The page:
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CHOOSE, LOSE

18 Oct

I am always confused about these words. choose, chose, lose, loose.

here I have found the correct meaning so I will be carefull. I wish to share with my readers.

(once a teacher always a teacher)

Choose: verb, present tense
Chose: verb, past tense
(Choose,  chose, chosen)

Lose: verb, to misplace something or be defeated
Loose: adjective, when something is not securely fastened – not related at all, in any way, shape, or form, 

(past tense of lose is lost)  (Lose, lost, lost)

examples: I will choose mango whenever I’m offered mango and apple together.
                I chose you from so many suitors because of your simplicity.
I will lose this match if I am not very determined.
We lost because of a biased referee.
The cap of the thermos bottle was rather loose so the tea dripped all the way to the park.

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7 Comments

Posted by on October 18, 2012 in DIL KA GHUBAAR

 

7 responses to “CHOOSE, LOSE

  1. Rafiullah Mian

    October 18, 2012 at 7:16 pm

    Thank you Sir,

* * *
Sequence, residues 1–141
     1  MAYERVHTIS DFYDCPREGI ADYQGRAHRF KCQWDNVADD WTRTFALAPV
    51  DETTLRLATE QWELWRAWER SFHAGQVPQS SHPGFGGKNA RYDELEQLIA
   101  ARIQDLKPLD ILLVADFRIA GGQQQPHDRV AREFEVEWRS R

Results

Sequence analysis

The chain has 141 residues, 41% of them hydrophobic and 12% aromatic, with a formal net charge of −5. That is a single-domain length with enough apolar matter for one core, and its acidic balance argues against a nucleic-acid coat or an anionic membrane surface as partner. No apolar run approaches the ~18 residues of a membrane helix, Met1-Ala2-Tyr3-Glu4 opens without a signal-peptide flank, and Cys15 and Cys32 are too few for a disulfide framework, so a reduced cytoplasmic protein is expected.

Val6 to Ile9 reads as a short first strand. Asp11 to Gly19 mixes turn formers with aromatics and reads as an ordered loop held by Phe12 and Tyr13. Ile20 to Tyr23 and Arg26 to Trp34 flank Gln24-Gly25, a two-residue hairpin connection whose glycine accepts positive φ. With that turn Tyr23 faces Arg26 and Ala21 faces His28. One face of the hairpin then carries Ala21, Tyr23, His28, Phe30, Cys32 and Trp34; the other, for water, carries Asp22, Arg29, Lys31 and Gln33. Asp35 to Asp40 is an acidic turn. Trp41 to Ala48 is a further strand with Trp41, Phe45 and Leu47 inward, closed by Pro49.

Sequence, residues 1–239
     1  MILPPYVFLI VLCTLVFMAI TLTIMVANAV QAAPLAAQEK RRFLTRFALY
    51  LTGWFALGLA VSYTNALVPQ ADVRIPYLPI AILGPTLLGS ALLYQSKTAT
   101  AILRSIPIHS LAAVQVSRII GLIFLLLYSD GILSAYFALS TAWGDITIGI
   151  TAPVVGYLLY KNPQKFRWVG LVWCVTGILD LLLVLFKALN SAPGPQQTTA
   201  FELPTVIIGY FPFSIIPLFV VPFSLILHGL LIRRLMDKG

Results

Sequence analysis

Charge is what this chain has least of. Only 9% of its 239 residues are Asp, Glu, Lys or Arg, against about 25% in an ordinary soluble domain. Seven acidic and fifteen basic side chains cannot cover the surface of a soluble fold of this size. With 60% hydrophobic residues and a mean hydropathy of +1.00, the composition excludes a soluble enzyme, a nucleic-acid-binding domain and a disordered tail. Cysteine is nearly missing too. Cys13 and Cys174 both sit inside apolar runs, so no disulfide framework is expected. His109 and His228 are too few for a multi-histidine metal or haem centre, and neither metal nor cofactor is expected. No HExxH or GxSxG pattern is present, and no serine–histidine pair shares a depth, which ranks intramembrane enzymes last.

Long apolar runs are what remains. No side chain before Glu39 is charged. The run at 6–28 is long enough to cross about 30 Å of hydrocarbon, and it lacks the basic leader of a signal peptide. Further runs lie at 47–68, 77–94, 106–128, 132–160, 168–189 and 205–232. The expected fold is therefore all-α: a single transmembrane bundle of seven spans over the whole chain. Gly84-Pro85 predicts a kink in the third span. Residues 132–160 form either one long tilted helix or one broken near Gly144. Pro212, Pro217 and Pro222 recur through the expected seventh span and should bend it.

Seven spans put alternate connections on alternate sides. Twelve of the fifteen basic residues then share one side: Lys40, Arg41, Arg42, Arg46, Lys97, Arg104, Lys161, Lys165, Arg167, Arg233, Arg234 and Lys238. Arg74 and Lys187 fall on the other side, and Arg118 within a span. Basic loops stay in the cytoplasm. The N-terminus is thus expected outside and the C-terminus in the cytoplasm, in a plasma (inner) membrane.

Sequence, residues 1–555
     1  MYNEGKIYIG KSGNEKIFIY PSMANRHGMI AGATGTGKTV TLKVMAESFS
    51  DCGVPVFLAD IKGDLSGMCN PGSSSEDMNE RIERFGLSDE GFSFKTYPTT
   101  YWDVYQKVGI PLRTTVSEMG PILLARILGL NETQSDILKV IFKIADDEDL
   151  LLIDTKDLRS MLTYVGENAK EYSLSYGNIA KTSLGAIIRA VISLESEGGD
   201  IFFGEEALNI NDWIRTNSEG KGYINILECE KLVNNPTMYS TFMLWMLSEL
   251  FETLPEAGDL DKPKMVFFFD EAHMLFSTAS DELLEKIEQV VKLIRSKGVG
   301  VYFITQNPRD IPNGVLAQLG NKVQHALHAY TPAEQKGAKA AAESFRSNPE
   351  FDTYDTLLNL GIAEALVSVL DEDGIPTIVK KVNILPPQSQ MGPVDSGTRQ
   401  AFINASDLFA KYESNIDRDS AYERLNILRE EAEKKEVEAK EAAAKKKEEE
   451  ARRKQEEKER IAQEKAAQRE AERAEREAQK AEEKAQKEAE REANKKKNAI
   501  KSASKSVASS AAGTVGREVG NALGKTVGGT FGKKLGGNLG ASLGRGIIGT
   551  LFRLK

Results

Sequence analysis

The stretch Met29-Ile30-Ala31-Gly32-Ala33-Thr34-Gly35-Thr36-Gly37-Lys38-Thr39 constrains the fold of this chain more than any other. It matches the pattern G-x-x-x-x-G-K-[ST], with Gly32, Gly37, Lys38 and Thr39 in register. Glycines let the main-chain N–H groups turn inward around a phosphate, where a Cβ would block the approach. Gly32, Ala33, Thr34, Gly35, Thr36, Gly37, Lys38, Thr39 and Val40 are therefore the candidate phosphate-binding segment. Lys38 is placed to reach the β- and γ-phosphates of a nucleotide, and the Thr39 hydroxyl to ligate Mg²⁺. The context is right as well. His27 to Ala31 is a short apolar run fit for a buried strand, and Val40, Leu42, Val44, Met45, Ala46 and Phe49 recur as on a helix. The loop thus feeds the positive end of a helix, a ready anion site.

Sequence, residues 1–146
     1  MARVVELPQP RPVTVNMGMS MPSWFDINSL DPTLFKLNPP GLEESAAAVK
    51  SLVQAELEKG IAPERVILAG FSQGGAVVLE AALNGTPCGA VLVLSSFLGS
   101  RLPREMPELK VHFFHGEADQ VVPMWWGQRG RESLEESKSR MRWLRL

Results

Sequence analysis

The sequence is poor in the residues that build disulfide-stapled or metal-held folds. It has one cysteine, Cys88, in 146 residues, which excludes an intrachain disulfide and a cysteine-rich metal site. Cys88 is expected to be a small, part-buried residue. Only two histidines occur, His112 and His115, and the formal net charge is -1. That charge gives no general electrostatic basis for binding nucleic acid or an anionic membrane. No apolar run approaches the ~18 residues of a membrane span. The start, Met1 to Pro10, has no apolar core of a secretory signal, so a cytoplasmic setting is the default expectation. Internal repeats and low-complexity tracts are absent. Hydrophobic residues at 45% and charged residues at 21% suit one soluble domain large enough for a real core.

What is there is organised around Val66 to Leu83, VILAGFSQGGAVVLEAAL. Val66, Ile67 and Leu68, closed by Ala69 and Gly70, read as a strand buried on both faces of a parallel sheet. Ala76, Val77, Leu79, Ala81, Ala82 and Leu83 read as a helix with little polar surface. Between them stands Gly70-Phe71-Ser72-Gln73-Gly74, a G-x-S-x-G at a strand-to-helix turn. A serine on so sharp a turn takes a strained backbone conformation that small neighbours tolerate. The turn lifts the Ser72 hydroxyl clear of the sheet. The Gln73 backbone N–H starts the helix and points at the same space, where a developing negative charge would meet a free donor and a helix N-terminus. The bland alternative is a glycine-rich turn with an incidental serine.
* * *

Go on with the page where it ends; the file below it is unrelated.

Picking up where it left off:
Agar aap isi tarah k asbaaq detay rahain tu meri English kuch behtar hojayegi 🙂

    Aek tuk-bandi English main dekhain with Urdu ‘taRka’ 🙂

    When ever I choose you as a partner
    Because of your “taghaaful” I loose temper

     
  2. salim598786

    October 21, 2012 at 3:41 pm

    Nice post for people like me. ( jinka haath angrezi mein kaafi tang hai)

     
    • shakilakhtar

      October 21, 2012 at 10:09 pm

      hamara bhi yeh hi haal hai. aaj kal spelling ki computer ki sahulat hai warna hamara bada masala hai.

       
  3. Blood-Ink-Diary

    October 30, 2012 at 4:37 pm

    Shakil sahab, whatever you ‘choose’, you shan’t ‘lose’ ! Let ‘loose’ what you ‘chose’ once upon a time that has now lost its’ memento !

    Indeed, a chuckle I have had with this post ! Bwana Shakil, asante sana rafiki yangu !

     
    • shakilakhtar

      October 30, 2012 at 9:35 pm

      Bwana and Rafiki two words have brightened my mood. Thanks 🙂 . Lady Nadira Naipaul used to write in The Nation (Lahore) “letter from Bhwalpur” and was quoted by Paul Theroux in his marvelous book on Nipaul (Sir Viddya’s Shadow). She used ‘loose’ for ‘lose’ and he wrote it as such with (sic). I was curious as I could not see why sic? Then I realised I was as confused as Nadira, the wife of a legend writer. Only now I thought to share my confusion with people.

       

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